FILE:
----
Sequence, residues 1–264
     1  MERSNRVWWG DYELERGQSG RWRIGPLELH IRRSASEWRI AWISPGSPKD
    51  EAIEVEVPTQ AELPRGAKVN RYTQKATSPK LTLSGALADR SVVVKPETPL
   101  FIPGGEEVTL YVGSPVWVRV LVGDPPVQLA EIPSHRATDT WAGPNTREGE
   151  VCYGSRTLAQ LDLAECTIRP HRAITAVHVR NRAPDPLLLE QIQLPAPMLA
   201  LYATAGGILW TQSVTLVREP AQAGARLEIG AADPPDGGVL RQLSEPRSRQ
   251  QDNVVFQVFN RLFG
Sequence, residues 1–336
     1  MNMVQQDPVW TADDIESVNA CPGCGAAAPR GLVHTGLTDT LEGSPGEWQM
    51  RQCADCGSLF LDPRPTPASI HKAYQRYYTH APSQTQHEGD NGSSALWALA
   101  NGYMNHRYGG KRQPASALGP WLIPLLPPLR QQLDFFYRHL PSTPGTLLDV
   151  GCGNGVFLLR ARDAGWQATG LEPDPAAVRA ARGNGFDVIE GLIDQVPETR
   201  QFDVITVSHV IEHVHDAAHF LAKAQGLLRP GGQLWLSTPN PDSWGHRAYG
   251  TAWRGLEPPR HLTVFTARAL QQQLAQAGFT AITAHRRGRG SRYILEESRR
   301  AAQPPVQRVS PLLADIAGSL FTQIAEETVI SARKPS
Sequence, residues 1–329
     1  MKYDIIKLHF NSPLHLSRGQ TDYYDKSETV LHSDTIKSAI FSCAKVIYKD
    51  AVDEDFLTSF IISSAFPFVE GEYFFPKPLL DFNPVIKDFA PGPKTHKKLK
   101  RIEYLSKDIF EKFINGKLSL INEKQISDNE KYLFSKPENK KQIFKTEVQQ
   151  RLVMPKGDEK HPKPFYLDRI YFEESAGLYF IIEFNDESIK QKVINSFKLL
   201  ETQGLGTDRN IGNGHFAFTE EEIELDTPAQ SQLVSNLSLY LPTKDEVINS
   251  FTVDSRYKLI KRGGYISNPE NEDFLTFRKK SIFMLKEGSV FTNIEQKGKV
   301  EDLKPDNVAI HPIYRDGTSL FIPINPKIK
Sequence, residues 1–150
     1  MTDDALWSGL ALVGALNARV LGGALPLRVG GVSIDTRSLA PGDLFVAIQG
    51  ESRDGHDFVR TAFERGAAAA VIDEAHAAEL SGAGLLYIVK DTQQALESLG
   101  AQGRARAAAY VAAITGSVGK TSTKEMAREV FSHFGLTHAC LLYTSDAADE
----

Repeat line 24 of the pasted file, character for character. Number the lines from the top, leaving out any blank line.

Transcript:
Sequence, residues 1–150